US 7427266 B2
A method and apparatus keeps track of ingestible objects (such as pills or food items) ingested by humans or animals. The objects are supplied with radio frequency identification (RFID) tags encoding data describing the objects. The humans or animals ingesting the objects are equipped with RFID sensors for detecting, decoding, and archiving the data encoded in the tags. A user may scan the body of the human or animal subject with a sensor to determine if a tagged object has been ingested. The tags may be covered with substances or contain elements that dissolve upon entering a digestive system. This allows detection of ingestion and also allows the RFID tag encoding to change in the course of digestion.
1. A method of detecting ingestion of an ingestible object, comprising:
coupling an identification circuit to the ingestible object, the identification circuit upon ingestion of the ingestible object enabling electromagnetic coupling to a sensing device such that an electromagnetic field produced by the sensing device is altered by the identification circuit to indicate ingestion of the ingestible object; and
monitoring electromagnetic coupling of the identification circuit to the sensing device to determine whether the ingestible object has been ingested,
wherein the ingestible object includes a layer that is opaque to electromagnetic signals within a wavelength band and configured to be dissolved as a result of the ingestion, to produce a change in the electromagnetic coupling to the sensing device, thereby indicating that the ingestible object has been ingested.
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8. An apparatus for use with a sensing device to detect ingestion, comprising:
an ingestible object; and
an identification circuit coupled to the ingestible object, the identification circuit enabling electromagnetic coupling to the sensing device such that an electromagnetic field produced by the sensing device can be altered by the identification circuit,
wherein the ingestible object includes a layer that is opaque to electromagnetic signals within a wavelength band and configured to be dissolved during ingestion, to produce a change in electromagnetic coupling to the sensing device, thereby indicating that the ingestible object has been ingested.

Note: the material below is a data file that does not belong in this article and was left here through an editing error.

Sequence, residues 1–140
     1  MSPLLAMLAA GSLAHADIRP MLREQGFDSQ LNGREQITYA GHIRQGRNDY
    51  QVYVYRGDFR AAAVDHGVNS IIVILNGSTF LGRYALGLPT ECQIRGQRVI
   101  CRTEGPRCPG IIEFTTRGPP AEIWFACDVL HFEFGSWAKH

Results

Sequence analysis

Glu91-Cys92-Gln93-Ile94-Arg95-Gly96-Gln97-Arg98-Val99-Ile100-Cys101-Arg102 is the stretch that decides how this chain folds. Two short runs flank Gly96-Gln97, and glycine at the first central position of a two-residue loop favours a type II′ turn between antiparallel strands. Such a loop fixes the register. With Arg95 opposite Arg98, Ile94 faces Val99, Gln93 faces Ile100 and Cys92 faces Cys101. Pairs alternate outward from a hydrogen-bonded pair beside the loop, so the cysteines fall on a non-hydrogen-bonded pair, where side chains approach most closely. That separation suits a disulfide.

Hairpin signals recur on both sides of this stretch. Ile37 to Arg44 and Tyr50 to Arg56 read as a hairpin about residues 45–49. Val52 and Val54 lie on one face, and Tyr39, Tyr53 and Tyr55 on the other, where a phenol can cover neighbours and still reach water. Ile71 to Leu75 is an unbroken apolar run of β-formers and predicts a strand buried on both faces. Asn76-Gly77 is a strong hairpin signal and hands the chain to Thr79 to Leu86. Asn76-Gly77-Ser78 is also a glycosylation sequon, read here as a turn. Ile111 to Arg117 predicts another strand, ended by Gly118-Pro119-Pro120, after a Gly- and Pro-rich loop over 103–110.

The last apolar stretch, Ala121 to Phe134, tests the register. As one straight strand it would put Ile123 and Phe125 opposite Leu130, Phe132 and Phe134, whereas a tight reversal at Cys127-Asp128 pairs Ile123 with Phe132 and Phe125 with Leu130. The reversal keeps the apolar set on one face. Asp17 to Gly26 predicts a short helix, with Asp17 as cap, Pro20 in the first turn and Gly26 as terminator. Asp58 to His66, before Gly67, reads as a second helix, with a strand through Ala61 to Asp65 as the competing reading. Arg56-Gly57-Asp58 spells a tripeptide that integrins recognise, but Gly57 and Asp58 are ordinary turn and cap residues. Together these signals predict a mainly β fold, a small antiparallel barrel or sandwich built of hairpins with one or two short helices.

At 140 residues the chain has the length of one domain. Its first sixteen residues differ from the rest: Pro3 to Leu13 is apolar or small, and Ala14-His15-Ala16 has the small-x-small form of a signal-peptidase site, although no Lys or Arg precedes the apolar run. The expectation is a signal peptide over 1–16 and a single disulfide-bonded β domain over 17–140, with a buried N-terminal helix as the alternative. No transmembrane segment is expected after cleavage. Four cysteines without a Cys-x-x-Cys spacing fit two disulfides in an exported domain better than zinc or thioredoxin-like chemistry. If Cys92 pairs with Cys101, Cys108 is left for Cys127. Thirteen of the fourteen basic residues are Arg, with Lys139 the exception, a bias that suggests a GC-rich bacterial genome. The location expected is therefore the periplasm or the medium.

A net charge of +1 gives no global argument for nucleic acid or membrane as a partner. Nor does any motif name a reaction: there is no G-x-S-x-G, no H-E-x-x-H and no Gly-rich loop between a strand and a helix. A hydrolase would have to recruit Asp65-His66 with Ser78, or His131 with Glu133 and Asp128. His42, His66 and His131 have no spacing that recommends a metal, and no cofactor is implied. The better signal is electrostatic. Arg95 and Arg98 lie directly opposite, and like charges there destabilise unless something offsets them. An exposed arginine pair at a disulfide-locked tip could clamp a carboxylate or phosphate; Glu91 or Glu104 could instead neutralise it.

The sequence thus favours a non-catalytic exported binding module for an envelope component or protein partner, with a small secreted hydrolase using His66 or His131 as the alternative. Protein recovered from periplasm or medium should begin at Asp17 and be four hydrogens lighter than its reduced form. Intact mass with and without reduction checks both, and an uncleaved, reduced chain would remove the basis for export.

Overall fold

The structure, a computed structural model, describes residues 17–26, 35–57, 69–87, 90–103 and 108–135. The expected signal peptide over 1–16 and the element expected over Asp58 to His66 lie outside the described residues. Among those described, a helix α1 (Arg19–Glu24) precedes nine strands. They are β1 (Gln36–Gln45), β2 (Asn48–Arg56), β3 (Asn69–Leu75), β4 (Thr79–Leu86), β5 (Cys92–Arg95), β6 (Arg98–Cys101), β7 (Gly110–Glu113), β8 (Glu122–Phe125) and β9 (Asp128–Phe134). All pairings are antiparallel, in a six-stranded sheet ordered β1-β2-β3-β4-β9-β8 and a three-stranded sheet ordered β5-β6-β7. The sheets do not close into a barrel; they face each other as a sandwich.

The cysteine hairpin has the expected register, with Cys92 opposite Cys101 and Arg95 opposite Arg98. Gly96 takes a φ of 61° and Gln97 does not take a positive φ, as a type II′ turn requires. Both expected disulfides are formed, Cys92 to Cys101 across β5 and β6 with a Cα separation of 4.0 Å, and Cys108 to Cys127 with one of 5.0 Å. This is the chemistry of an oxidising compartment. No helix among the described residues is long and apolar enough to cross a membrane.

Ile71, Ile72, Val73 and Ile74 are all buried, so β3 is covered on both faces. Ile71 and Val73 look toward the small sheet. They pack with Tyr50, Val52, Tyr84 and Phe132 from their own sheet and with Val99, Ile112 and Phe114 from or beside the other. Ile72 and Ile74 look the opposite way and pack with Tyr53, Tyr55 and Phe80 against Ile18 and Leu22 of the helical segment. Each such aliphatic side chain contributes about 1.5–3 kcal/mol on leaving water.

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12. A method of detecting ingestion of ingestible objects, comprising:
coupling a plurality of identification circuits to a plurality of ingestible objects such that each identification circuit is coupled to a respective ingestible object, each identification circuit upon ingestion of the respective ingestible object enabling electromagnetic coupling to a sensing device such that an electromagnetic field produced by the sensing device is altered by the identification circuit to indicate ingestion of the respective ingestible object;
monitoring electromagnetic coupling of the identification circuits to the sensing device to determine whether an ingestible object has been ingested; and
incrementing a counter after ingestion of each ingestible object.
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Keeping track of objects swallowed by a human or an animal is necessary in many situations. For example, medical personnel may want to know what pills were taken by the patient and when. An individual or an attending medical professional may need a reminder in case a medication in not taken on time. Automated tracking of food and medicine intake by humans and animals has many applications, such as simplifying data logging during experiments with multiple live subjects or while providing medical or veterinary care.
Embodiments of this invention include an apparatus and a method for detecting ingestion of an object, comprising an ingestible object and an identification circuit coupled to the ingestible object. The identification circuit upon ingestion of the ingestible object is electromagnetically coupled to a sensing device to indicate ingestion of the ingestible object. The ingestion may be performed in medicinal purposes. The ingestion may be performed by a human.
The electromagnetic coupling may be a radio frequency electromagnetic coupling.
The electromagnetic coupling of the identification circuit may be different for at least two locations of the ingestible object. The locations may include a container and an ingestion system. An electromagnetic parameter of the identification circuit during the ingestion may be altered to alter the electromagnetic coupling. The identification circuit may comprise two layers, at least one of the layers being altered during the ingestion. This layer may be opaque to electromagnetic signals within a wavelength band and dissolved during the ingestion. Alternatively a part of the identification circuit may be dissolved during the ingestion.
The foregoing and other objects, features and advantages of the invention will be apparent from the following more particular description of preferred embodiments of the invention, as illustrated in the accompanying drawings in which like reference characters refer to the same parts throughout the different views. The drawings are not necessarily to scale, emphasis instead being placed upon illustrating the principles of the invention.
A description of preferred embodiments of the invention follows.